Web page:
The caregivers’ aggregate oral healthcare practices did not significantly influence the dental caries experience among the children in the present study. The lack of differences in the gadgets for cleaning the teeth may be due to the small sample size where there was a loss of statistical power. Fifty-three (65; 4%) children whose caregivers were classified as portraying “unfavorable practices” had higher caries experience with mean dmft of 3.62±3.54 (n=53) compared to 2.74±2.85 (n=8) among the children whose caregivers reported “unfavorable practices” on oral care. The children who had been to a dentist had a higher dmft than those children who had never been to a dentist. This finding illustrates that children visit a dentist when dental disease dental caries has already occurred and that the majority of the treatment offered was curative to relieve the symptoms, with little or no emphasis on preventive oral care. The lack of focus on preventive oral care was further illustrated by the high proportion of active, untreated caries component of dmft compared to filled or extracted teeth. Despite the fact that caregivers’ aggregate oral health care practices had no significant relationship with the oral hygiene of the children as noted earlier, thirteen children whose caregivers reported “favourable practices” had lower plaque scores of 1.69 ±0.54. However, the plaque scores of sixty-eight children whose caregiver’s had reported favourable practices had a mean plaque score of 1.73±0.59 slightly higher.The children who cleaned their teeth had significantly lower plaque scores compared to those children who never cleaned teeth. The children whose teeth were never cleaned were at high risk of developing sub acute bacterial endocarditis when compared to the children who cleaned teeth regularly. As during the tooth brushing process, there is the mechanical removal plaque thus reducing the possibility of increased bacterial colonization of the plaque and reducing chances of bacteraemia during mastication. It was noted the that toothbrushes were more effective in control of plaque compared to the use of chewing sticks, though there was no significant difference between the two groups. The results of these study showed that children who had been to a dentist displayed better oral hygiene than those children who had never been to a dentist, though there was no statistical difference. The difference perhaps indicates that the dentist visited previously could have offered oral hygiene instructions on good tooth brushing techniques. In addition to that, the caregivers’ aggregate oral healthcare practices did not significantly influence dental caries experience among the children. Those children whose caregivers were classified as portraying “unfavorable practices “on oral care, had higher caries experience with mean dmft of 3.62±3.54 (n=53) compared to 2.74±2.85 (n=8).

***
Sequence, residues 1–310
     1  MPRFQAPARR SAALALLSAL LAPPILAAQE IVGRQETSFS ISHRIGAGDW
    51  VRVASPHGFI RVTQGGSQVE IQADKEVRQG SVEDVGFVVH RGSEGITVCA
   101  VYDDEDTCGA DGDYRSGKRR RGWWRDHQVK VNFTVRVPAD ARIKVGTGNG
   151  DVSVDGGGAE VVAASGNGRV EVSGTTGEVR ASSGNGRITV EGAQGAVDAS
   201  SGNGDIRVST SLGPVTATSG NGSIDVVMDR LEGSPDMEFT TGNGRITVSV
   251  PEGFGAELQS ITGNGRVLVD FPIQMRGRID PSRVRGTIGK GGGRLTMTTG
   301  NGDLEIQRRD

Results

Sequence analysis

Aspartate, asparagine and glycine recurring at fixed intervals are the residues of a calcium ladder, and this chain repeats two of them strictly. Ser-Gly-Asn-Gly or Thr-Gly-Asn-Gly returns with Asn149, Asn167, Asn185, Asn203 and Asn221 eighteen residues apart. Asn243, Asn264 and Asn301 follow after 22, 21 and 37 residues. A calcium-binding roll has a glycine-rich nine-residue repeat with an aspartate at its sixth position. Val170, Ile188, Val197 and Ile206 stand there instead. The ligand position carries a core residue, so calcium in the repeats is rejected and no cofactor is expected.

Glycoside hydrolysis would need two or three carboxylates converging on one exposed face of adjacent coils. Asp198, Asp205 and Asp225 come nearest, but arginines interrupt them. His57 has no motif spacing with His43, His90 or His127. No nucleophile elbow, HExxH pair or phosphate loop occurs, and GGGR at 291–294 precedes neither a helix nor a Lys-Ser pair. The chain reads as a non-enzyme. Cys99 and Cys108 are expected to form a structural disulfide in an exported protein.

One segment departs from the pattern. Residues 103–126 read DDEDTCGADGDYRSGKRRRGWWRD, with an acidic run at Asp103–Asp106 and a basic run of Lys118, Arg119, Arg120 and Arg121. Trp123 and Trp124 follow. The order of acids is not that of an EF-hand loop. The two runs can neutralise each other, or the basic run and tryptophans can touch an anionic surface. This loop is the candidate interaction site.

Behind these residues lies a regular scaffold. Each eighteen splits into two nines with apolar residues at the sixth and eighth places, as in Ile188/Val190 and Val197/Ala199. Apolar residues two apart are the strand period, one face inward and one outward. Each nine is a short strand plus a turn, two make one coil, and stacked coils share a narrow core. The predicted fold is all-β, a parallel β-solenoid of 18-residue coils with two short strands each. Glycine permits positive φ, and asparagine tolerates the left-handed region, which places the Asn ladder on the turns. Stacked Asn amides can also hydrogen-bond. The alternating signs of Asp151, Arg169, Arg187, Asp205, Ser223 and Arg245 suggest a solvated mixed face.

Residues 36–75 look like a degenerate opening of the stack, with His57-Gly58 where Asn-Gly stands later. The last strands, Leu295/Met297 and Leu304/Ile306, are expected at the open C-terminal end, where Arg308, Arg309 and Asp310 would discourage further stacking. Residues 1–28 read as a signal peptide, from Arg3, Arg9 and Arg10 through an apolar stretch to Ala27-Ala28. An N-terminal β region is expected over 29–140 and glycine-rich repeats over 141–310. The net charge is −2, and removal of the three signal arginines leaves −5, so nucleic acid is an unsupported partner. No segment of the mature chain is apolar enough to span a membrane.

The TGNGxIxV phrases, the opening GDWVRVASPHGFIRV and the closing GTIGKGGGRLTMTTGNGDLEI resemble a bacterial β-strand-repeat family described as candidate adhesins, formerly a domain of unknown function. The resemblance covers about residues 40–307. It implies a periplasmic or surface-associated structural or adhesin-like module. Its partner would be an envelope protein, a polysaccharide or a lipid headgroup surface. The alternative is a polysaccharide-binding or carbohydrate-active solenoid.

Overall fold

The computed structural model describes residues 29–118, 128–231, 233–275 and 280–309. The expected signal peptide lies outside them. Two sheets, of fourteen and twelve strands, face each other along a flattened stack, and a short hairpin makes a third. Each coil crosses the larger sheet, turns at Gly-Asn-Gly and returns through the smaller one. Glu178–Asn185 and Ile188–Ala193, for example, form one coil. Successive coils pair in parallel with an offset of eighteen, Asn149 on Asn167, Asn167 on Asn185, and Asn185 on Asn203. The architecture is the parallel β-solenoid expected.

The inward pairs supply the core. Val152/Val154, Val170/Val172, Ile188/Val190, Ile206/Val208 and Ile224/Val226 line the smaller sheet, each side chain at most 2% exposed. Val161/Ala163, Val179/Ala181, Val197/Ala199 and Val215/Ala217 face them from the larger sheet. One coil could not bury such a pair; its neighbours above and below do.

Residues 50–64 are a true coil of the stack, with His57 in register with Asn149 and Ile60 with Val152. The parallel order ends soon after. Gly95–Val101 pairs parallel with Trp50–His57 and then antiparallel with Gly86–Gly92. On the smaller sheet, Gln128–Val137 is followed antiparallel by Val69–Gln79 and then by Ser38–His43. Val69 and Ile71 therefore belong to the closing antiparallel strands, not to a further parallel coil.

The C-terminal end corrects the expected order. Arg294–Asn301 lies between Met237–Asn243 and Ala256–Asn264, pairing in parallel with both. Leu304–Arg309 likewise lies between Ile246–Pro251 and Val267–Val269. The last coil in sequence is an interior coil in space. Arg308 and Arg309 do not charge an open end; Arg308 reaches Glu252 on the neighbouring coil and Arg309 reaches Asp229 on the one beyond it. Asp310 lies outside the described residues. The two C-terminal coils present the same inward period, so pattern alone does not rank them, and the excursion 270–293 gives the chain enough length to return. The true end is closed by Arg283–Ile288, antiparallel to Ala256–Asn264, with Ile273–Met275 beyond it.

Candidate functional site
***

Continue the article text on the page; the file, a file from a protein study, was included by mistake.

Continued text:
The children who had been to a dentist had higher dmft than those children who had never been to a dentist. The finding may be rationalised that children who visited the dentist they did so when dental caries had already occurred. The primary treatment offered was curative to relieve the symptoms, with little or no emphasis on preventive oral care. The situation was further illustrated by the high proportion of active, untreated caries component of dmft compared to filled or extracted teeth.

Conclusion

The utilization of oral health care and oral health practices of the caregiver of the children was low, and only apparent used in case of emergency mainly. The oral hygiene, gingival index and dental caries experience in the study population was high.

Study limitations